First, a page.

Memory and Learning Require the Cerebral Cortex and Limbic System

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Memory and learning are inextricably linked because part of the learning process involves the assimilation of new information and its commitment to memory. The most likely sites of learning in the human brain are the large association areas of the cerebral cortex, in coordination with subcortical structures deep in the temporal lobe, including the hippocampus and amygdala. The association areas draw on sensory information received from the primary visual, auditory, somatic sensory, and olfactory cortices and on emotional feelings transmitted via the limbic system. This information is integrated with previously learned skills and stored memory, which presumably also reside in the association areas.

The learning process itself is poorly understood, but it can be studied experimentally at the synaptic level in iso lated slices of mammalian brain or in more simple invertebrate nervous systems. Synapses subjected to repeated presynaptic neuronal stimulation show changes in the excitability of postsynaptic neurons. These changes include the facilitation of neuronal firing, altered patterns of neurotransmitter release, second messenger formation, and, in intact organisms, evidence that learning occurred. The phenomenon of increased excitability and altered chemical state on repeated synaptic stimulation is known as long-term potentiation, a persistence beyond the cessation of electrical stimulation, as is expected of learning and memory. An early event in long-term potentiation is a series of protein phosphorylations induced by receptor-activated second messengers and leading to activation of a host of intracellular proteins and altered excitability. In addition to biochemical changes in synaptic efficacy associated with learning at the cellular level, structural alterations occur. The number of connections between sets of neurons increases as a result of experience.

Much of our knowledge about human memory formation and retrieval is based on studies of patients in whom stroke, brain injury, or surgery resulted in memory disorders. Such knowledge is then examined in more rigorous experiments in nonhuman primates capable of cognitive functions. From these combined approaches, we know that the prefrontal cortex is essential for coordinating the formation of memory, starting from a learning experience in the cerebral cortex, then processing the information and communicating it to the subcortical limbic structures. The prefrontal cortex receives sensory input from the parietal, occipital, and temporal lobes and emotional input from the limbic system. Drawing on skills such as language and mathematical ability, the pre-frontal cortex integrates these inputs in light of previously acquired learning. The prefrontal cortex can thus be considered the site of working memory, where new experiences are processed, as opposed to sites that consolidate the memory and store it. The processed information is then transmitted to the hippocampus, where it is consolidated over several hours into a more permanent form that is stored in, and can be retrieved from, the association cortices.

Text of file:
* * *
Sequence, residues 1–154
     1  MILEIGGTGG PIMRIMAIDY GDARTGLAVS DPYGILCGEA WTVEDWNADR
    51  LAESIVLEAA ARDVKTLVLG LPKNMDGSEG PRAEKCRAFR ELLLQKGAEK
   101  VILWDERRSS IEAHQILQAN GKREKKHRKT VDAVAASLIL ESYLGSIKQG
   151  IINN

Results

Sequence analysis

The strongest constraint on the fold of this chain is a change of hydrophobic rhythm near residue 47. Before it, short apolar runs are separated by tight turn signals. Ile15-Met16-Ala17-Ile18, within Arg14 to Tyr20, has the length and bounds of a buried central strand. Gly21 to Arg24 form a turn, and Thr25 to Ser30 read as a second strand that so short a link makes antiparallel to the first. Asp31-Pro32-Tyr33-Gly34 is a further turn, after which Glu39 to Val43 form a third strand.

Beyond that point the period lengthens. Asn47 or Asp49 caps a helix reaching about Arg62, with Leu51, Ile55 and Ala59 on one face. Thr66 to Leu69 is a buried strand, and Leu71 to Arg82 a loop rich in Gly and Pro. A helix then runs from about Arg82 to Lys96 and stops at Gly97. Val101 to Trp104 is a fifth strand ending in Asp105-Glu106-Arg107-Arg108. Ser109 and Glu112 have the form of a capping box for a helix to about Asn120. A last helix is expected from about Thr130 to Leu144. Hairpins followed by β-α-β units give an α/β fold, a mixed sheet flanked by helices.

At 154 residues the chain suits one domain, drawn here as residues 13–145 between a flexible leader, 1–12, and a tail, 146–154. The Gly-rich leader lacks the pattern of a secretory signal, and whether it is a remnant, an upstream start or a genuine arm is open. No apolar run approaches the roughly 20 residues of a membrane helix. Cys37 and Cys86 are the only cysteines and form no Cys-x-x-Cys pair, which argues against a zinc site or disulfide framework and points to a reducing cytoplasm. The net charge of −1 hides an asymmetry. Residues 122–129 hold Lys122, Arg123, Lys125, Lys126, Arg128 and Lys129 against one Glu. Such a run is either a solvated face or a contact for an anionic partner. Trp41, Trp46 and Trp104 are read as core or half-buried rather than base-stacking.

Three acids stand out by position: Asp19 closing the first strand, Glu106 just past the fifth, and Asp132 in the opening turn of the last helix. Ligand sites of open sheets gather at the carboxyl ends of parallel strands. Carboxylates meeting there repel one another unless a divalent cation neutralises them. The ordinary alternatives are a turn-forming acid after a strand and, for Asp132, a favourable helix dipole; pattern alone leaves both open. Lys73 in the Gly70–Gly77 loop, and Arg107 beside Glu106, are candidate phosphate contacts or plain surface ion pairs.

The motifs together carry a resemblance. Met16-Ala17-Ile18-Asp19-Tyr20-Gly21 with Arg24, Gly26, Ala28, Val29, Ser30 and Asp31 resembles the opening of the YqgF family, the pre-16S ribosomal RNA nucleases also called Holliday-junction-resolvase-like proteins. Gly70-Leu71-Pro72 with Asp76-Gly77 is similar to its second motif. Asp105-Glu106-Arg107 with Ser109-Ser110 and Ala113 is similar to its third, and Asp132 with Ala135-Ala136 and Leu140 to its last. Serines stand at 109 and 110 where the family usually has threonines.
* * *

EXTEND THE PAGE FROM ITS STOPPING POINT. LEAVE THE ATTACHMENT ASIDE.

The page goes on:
Declarative and Procedural Memory. A remarkable finding from studies of surgical patients who had bilateral resections of the medial temporal lobe is that there are two fundamentally different memory systems in the brain. Declarative memory refers to memory of events and facts and the ability to consciously access them. Patients with bilateral medial temporal lobectomies lose their ability to form any new declarative memories. However, they retain their ability to learn and remember new skills and procedures. This type of memory is called procedural memory and involves several different regions of the brain, depending on the type of procedure. In contrast to declarative memory, structures in the medial temporal lobe are not involved in procedural memory. Learning and remembering new motor skills and habits requires the stria-tum, motor areas of the cortex, and the cerebellum. Emotional associations require the amygdala. Conditioned reflexes require the cerebellum.

An early demonstration of the dichotomy between declarative and procedural memory came from studies by Dr. Brenda Milner on a patient of Dr. Wilder Penfield in the mid-1950s. This patient (H.M.) had received a bilateral medial temporal lobectomy to treat severe epilepsy and, since that time, has been unable to form any new declarative memories. This deficit is called anterograde amnesia. Dr. Milner was quite surprised to learn that H.M. could learn a relatively difficult mirror-drawing task, in which (like anyone else) he got better with repeated trials and retained the skill over time. However, he could not remember ever having done the task before.